The most surreal and deeply fascinating moment of Computex 2017 took place yesterday during the Nvidia press conference, when over a dozen virtual robots tried to slap hockey pucks into nets. It was a demonstration of how autonomous cars will learn how to drive themselves in the future. We can explain!
Nvidia CEO Jensen Huang was using this simple demo to outline the Isaac Initiative. Named for Isaac Asimov, Nvidia’s ambitious AI program combines all the elements of their suddenly breakneck advances in artificial intelligence — robot hardware, machine learning software, new ultra-powerful GPUs, and a fascinating virtual reality experiment they announced this week called Isaac’s Lab.
It’s elegant how all these factors come together — elegant enough to tell you that Nvidia has probably been planning this for a very, very long time. The key is their new Volta GPUs, which were announced earlier this month (starting with the Tesla V100 below). Don’t expect these to be gaming optimized GPUs anytime soon, either — these things are on a whole other level. The massive GPUs have 21 billion transistors, 640 tensor cores, and can put out over 100 Teraflops per second. That blows past Nvidia’s Pascal architecture from last year, as well as AMD’s Vega architecture planned for this year. Little wonder — Huang said Nvidia invested $3 billion in developing Volta.
What’s the point of all that power? Well, virtual reality is kind of underwhelming right now. Because it demands so much processing power, the environments end up being low-resolution and lacking in detail. That, and physics can be all over the place, depending on the game. Volta has been designed to deliver photorealism and real-world laws of physics in a virtual reality environment, which explains the gaudy numbers above.
If you’re a gamer and you’re salivating over that prospect, you might want to pump the brakes a bit. While this might change in the future, right now, Volta isn’t meant for gamers. Honestly, it’s not even meant for people — Nvidia is doing it for the machines.
Here’s where everything comes together. Currently, any AI we interact with (like Google Assistant), is disembodied. The next step is to take those AIs and stick them in functioning robots that can do tasks by themselves, giving you a Siri bot that could someday, I don’t know, make you some pancakes. Trouble is, you need to train AI to do those tasks, and training an AI while it’s in an active robot could be dangerous.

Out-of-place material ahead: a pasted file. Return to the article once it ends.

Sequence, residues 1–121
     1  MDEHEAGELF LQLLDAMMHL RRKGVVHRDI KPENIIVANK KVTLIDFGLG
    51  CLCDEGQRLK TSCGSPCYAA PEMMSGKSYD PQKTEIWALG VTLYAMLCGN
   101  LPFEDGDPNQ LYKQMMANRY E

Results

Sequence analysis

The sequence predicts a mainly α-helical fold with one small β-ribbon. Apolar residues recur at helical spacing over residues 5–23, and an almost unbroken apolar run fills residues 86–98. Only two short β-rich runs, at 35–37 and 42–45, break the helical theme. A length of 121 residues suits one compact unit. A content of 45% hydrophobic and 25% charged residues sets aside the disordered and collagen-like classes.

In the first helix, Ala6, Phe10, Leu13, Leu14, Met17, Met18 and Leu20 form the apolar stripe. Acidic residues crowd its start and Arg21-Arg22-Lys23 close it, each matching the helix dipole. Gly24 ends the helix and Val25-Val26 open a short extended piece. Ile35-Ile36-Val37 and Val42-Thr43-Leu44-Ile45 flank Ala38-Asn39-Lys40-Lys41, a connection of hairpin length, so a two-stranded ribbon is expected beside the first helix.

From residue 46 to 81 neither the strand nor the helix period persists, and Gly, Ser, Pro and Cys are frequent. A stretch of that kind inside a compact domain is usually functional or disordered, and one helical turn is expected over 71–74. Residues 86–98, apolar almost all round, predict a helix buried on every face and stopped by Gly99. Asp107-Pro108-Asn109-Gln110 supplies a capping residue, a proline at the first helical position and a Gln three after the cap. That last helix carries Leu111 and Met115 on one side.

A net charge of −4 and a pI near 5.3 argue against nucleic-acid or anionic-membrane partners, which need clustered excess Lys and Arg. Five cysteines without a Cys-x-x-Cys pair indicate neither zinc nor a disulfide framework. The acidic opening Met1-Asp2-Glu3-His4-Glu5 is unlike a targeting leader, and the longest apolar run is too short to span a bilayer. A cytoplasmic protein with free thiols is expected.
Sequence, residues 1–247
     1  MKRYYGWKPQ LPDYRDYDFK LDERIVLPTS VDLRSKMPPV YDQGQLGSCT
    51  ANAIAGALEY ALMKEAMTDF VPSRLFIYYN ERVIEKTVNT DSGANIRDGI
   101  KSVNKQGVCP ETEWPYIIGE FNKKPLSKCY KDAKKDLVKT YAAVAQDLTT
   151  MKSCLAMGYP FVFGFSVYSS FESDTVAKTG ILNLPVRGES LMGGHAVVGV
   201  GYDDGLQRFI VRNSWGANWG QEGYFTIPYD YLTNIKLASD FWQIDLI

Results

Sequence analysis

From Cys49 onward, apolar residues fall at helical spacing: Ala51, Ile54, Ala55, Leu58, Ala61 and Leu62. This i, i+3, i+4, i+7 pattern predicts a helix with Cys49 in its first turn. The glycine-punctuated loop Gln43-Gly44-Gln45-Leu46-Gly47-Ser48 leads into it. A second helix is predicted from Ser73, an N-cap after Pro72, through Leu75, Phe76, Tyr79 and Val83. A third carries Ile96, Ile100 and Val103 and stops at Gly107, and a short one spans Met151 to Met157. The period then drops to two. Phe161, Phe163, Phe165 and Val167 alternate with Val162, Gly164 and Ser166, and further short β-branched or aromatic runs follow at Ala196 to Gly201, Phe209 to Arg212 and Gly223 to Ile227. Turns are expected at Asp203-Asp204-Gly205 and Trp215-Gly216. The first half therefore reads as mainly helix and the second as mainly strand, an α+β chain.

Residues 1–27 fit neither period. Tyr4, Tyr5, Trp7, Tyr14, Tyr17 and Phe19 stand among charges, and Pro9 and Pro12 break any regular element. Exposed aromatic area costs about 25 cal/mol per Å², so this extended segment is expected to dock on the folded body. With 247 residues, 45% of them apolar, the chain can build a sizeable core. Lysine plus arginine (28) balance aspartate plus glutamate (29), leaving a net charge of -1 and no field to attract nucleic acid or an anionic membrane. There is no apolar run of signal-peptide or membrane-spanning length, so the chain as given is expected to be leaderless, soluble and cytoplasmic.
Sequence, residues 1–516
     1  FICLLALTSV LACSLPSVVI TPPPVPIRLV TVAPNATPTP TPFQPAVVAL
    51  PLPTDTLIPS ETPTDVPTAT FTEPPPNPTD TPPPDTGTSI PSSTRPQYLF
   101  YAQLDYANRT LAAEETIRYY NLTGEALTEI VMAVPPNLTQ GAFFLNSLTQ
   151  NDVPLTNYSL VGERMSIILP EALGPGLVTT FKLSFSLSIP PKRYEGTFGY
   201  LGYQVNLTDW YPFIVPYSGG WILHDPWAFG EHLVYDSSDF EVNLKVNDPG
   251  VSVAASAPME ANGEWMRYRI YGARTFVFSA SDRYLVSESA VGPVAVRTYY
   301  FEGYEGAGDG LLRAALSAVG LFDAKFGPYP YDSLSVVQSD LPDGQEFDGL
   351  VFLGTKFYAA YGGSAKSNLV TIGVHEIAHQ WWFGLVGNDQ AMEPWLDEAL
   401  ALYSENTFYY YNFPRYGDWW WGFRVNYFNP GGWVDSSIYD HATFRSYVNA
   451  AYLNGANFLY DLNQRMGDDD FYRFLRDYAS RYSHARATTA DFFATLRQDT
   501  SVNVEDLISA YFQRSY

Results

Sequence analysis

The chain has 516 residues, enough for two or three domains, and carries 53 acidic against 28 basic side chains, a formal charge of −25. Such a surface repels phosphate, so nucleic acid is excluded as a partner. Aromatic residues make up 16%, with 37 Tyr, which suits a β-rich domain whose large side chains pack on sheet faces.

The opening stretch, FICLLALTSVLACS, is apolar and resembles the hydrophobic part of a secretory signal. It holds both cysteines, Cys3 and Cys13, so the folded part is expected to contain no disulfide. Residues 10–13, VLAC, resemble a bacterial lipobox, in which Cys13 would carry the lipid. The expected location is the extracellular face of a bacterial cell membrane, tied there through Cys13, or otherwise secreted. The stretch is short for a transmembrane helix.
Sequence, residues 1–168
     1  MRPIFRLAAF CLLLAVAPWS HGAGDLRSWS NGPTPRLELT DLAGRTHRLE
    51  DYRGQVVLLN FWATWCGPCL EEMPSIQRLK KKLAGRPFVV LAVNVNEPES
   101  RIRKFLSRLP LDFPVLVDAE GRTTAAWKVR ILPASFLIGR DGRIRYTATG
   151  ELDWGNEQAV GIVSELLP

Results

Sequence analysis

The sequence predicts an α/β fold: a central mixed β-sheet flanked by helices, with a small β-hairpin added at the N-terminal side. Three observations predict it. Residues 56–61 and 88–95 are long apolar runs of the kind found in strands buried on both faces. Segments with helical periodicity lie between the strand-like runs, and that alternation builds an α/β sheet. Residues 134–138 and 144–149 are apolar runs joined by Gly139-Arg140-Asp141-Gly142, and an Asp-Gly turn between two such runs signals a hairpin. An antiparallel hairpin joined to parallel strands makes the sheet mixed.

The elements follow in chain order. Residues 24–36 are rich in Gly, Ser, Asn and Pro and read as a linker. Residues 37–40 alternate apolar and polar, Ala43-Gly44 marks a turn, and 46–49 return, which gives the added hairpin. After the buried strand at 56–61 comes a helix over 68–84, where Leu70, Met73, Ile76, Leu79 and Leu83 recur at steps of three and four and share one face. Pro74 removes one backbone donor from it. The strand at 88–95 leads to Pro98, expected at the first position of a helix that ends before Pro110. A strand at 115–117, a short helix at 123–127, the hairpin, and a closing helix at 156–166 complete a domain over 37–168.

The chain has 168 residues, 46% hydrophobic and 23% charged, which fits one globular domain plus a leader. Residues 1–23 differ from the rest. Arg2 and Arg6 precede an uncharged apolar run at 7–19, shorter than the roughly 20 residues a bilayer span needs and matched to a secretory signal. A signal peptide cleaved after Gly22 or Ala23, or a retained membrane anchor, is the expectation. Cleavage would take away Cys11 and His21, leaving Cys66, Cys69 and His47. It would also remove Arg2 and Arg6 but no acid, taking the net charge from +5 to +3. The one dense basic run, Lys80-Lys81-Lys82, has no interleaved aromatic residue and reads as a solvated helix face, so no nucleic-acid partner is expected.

Autonomous cars are the perfect example. If a car is driving itself, it’s essentially an AI-powered robot. And, like with any human, you wouldn’t want to throw that AI on the road and have it learn on the fly. So, Nvidia is using the power of Volta to create virtual representations of the world that obey the laws of physics, basically creating a driving simulator for automotive AIs. AI developers can then fill up that virtual world with simulated driving situations until those AIs learn how to drive. Once training is done, the AI can be taken from the cloud to a real car ready to drive on real roads.
Huang even talked about speeding up the learning process by having multiple AIs learn, then watching for the best students. The top AI would then be copied, replacing all the other slower AIs, and the training program would then resume. Was there nervous laughter from the crowd? Oh, you bet there was.
That brings us back to the hockey example. It was a simple demo of how the learning process works — the same way it works for humans. Those hockey-playing AIs received positive signals when they scored, and negative signals when they missed. Over time, the AIs will analyze what works and what doesn’t, finally becoming perfect goal scoring machines.
If you replace ‘goal scoring’ in that sentence with some other things, then it starts to sound a little Skynetty. Nvidia actually started getting Skynet jokes when they built a supercomputer out of their P100 Pascal GPUs, and considering that similarly configured Volta GPUs blow the doors off those in terms of performance, it’s only a matter of time before parents start naming their kids John Connor on purpose.
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Disclosure: Taiwan External Trade Development Council (TAITRA), an organizer of COMPUTEX, covered our travel expenses to attend COMPUTEX 2017. All thoughts and opinions are 100% our own.